Pros and Cons of Landline Phones



  • When you’re dialing 911, responders can much more easily locate your call when you use a landline phone. Mobile phones and VoIP phones may make it difficult to determine the exact location that a call is coming from, which can be compounded if the caller is unable to accurately describe their location
  • Landline phones are much harder to hack or compromise than a VoIP system, because of its separation from the internet
  • Landline phones are usually available when the power is out, which can make them a valuable communication tool during natural disasters that cause a power outage


  • Landline systems can be expensive and cumbersome, due to their need for physical equipment and connections
  • Some telecom companies bundle their services, which can make moving away from a landline phone more expensive



  • VoIP phone systems tend to be easily scalable and cost less when expanding than traditional landline systems do. This can be very helpful for large and growing businesses that need to add a large number of phones at one time
  • VoIP systems are more flexible than their landline counterparts. Users can take their phone numbers with them across a variety of devices, from physical phones with a mobile app to mobile devices to tablets to desktop computers
  • VoIP phone systems can also offer more “extras”, like call-waiting, auto attendants, conferencing or conference calling, call recording, video conferencing, call-forwarding, multi-line calls, international calls, long distance service, and more
  • VoIP systems tend to be more affordable than landlines. This applies to adding extra lines and to the monthly service charges for each, as well as setup fees


  • As we mentioned earlier, VoIP phone systems are connected to the internet, so they’re more easily hacked than a traditional phone line
  • Sound quality can suffer with VoIP phone systems, due to the coding and decoding of voices across a digital line. High-speed internet connections tend to help with this, but VoIP service providers vary in their requirements
  • Different companies offer proprietary versions of their VoIP software, which can make switching between providers a somewhat painful process
  • VoIP providers require internet service to set up their systems, which can mean that business communication will be interrupted if anything changes with internet service

Which Phone System Is Right For Your Business?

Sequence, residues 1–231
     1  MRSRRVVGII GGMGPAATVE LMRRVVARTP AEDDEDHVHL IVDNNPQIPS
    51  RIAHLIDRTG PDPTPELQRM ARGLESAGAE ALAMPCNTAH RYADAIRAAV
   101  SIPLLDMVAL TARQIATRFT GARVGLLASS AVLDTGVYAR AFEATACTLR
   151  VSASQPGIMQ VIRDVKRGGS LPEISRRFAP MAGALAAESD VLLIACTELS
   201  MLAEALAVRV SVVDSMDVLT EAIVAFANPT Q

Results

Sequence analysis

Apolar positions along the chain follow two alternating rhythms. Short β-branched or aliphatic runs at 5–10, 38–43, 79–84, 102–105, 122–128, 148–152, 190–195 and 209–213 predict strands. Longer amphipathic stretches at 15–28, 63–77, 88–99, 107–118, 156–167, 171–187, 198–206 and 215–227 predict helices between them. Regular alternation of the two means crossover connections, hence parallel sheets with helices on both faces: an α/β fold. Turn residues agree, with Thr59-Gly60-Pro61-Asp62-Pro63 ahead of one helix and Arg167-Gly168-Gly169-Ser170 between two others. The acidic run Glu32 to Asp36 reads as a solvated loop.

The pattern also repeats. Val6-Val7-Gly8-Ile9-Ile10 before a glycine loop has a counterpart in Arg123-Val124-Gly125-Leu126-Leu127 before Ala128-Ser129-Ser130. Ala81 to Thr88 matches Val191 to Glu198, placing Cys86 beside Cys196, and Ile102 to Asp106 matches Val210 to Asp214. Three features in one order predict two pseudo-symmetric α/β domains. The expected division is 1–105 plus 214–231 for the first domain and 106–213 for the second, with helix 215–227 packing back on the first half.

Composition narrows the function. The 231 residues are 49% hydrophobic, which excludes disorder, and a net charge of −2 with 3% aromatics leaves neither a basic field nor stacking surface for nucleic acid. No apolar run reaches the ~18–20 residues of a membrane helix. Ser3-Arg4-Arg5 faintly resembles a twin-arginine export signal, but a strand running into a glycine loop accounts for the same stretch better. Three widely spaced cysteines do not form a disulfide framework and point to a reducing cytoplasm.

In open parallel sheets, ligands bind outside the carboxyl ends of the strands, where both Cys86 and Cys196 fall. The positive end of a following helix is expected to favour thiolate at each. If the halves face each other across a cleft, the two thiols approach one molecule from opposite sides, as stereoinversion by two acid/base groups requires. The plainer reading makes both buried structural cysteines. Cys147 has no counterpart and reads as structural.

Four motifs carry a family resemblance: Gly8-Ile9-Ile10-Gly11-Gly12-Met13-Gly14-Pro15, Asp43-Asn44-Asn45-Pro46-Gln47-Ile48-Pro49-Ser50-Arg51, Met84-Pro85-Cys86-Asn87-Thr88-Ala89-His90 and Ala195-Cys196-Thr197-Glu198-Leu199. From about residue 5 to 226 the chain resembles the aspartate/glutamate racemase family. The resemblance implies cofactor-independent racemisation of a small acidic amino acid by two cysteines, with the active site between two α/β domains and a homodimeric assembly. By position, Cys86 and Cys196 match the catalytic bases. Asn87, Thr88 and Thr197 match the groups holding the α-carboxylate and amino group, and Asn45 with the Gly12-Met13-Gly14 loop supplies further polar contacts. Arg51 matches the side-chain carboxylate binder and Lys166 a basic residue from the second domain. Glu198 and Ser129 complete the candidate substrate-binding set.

Small businesses that only have one or two employees that don’t need their own dedicated lines may be served best by a landline phone system. Landlines won’t require any additional internet or computer equipment to function properly and may be more reliable for your team. Similarly, businesses that are located in remote areas or in places where internet speeds and reliability are spotty may be better served by a landline phone installed and supported by a phone company. Since VoIP require an internet connection, you may experience phone outages in these situations. Businesses that provide emergency services, or that care for people that may need immediate help should consider a landline phone system as well. If there is a power or internet outage, you’ll need to be able to use your phone in an emergency, which can cause a problem with VoIP systems. You may also want to consider a landline if your business routinely transmits sensitive information via phone calls. Businesses that are growing quickly and need a large number of phone lines fast should consider a VoIP system. The flexibility and ability to move from one device to another can help relieve some of the pressure that comes with a growing organization. A VoIP system can also integrate with other software platforms that can help your employees streamline and improve their workflows. Software like CRM systems, accounting and ERP applications, and even human resources management software can integrate with VoIP systems to capture information from incoming and outgoing calls to help better serve customers and employees. Some VoiP providers even offer the ability to integrate calls with Google searches and other services. VoIP systems are also ideal for businesses that operate call centers and have a large number of individuals that are making and receiving calls on a regular basis. Their connection to the internet allows management to more closely monitor call times, call quality, and to listen in on specific calls with no added equipment or effort. Your business needs should drive the decision to choose one phone option over the other. If you’re spending considerable time and money troubleshooting your on-premises phone system and are missing vital opportunities to provide customer support as a result, it may be time to review your options. VoIP solutions are tempting, because they promise to take your telephone system into the future, as landline service can seem archaic in today’s world. That’s not the whole story, though, because some businesses will find that VoIP calls don’t provide the stability that they need. The last thing you want is to be wrestling with a ton of advanced features when all you really want to do is field incoming calls. New technology can be scary and stressful, but a new phone system can take your business from fielding calls on a cell phone to running handling multiple customer calls at a time.